Difference between revisions of "EclipseLink/Examples/JPA/Pagination"
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Revision as of 10:16, 29 October 2009
How to use EclipseLink Pagination
There are a variety of solution options for paging results in an EclipseLink JPA application. This how-to highlights various approaches with code samples of how they can be used.
The JPA Query object contains support for configuring the first and max rows to retrieve when executing a query. When using this method it is important to use an ORDER BY, as multiple querys will be used for each page, and you want to ensure you get back the results in the same order.
By default EclipseLink translated these values into the parameters provided to the JDBC statement. This then leaves it up the JDBC driver to handle the range of rows requested. In many JDBC implementations this provides little performance value as the database does not limit the rows returned but they are instead filtered on the JDBC client. Most drivers support setting the max results, but the first result involves paging through the results on the JDBC client.
Database Specific SQL
EclipseLink's target database platform enables the generation of native SQL that can more optimally retrieve a set of rows.
As of the EclipseLink 1.2 release the following database platforms have pagination support in EclipseLink:
Also, the EclipseLink 2.0 development builds currently have support for:
When the target platform is Oracle then ROWNUM is used in the generated SQL in addition to a hint to retrieve a page of results.
Query query = em.createQuery("SELECT e FROM Employee e ORDER BY e.lastName ASC, e.firstName ASC"); query.setFirstResult(5); query.setMaxResults(5); List<Employee> emps = query.getResultList();
Generates the SQL like:
SELECT * FROM (SELECT /*+ FIRST_ROWS */ a.*, ROWNUM rnum FROM ( SELECT t0.EMP_ID AS EMP_ID1, t1.EMP_ID AS EMP_ID2, t0.F_NAME AS F_NAME3, t0.L_NAME AS L_NAME4, t0.START_TIME AS START_TIME5, t0.END_TIME AS END_TIME6, t0.GENDER AS GENDER7, t1.SALARY AS SALARY8, t0.VERSION AS VERSION9, t0.START_DATE AS START_DATE10, t0.END_DATE AS END_DATE11, t0.MANAGER_ID AS MANAGER_ID12, t0.ADDR_ID AS ADDR_ID13 FROM EMPLOYEE t0, SALARY t1 WHERE (t1.EMP_ID = t0.EMP_ID) ORDER BY t0.L_NAME ASC, t0.F_NAME ASC) a WHERE ROWNUM <= ?) WHERE rnum > ? bind => [10, 5]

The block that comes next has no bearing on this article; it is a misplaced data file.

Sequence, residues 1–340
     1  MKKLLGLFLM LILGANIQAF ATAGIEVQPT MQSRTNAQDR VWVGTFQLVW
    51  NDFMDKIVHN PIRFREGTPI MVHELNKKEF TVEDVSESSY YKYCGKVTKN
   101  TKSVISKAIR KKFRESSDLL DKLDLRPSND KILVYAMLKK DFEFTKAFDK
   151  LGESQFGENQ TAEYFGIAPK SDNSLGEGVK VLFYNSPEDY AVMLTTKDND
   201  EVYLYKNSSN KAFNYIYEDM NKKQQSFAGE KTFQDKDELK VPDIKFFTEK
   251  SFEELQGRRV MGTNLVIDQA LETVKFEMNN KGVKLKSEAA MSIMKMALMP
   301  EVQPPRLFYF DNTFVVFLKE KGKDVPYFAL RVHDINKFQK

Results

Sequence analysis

The SQL syntax for pagination is non standard, and only some databases support a custom syntax. If you require this support on a database platform that EclipseLink does not support it on please post a message on the forum so that the work can be properly prioritized based on demand.
Chunking using Ids with IN
This involves performing a query on the database for all of the Id values that match the criteria and then using these values to retrieve specific sets. This only works for singleton Ids not composite Ids. For composite Ids it is still possible through using dynamic SQL, or native SQL on some database, but much more complex.
Query query = em.createQuery("SELECT e.id FROM Employee e ORDER BY e.lastName ASC, e.firstName ASC"); List<Integer> empIds = query.getResultList(); // As of EclipseLink 1.2, IN can be used with a parameter List, in previous releases a native EclipseLink Expression query is required. Query query = em.createQuery("SELECT e FROM Employee e WHERE e.id IN :empIds"); query.setParameter("empIds", empIds.subList(5, 10)); List<Employee> emps = query.getResultList();
The SQL generated for this query looks like:
SELECT t0.EMP_ID FROM EMPLOYEE t0, SALARY t1 WHERE (t1.EMP_ID = t0.EMP_ID) ORDER BY t0.L_NAME ASC, t0.F_NAME ASC SELECT t0.EMP_ID, t1.EMP_ID, t0.F_NAME, t0.L_NAME, t0.START_TIME, t0.END_TIME, t0.GENDER, t1.SALARY, t0.VERSION, t0.START_DATE, t0.END_DATE, t0.MANAGER_ID, t0.ADDR_ID FROM EMPLOYEE t0, SALARY t1 WHERE ((t0.EMP_ID IN (?, ?, ?, ?, ?)) AND (t1.EMP_ID = t0.EMP_ID)) bind => [8, 1, 12, 3, 10]
Using a ScrollableCursor
EclipseLink supports returning a ScrollableCursor object from a Query. A ScrollableCursor can be enabled using query hints. This returns a database cursor on the Query's result set, and allows the client to scroll through the results page by page. The drawback for this technique is that the ScrollableCursor represents a live cursor and connection with the database, so will normally not live across web page requests, but useful for scrolling for a server process or batch job.
Query query = em.createQuery("SELECT e FROM Employee e ORDER BY e.lastName ASC, e.firstName ASC"); query.setHint("eclipselink.cursor.scrollable", true); ScrollableCursor scrollableCursor = (ScrollableCursor)query.getSingleResult(); List<Employee> emps = scrollableCursor.next(10);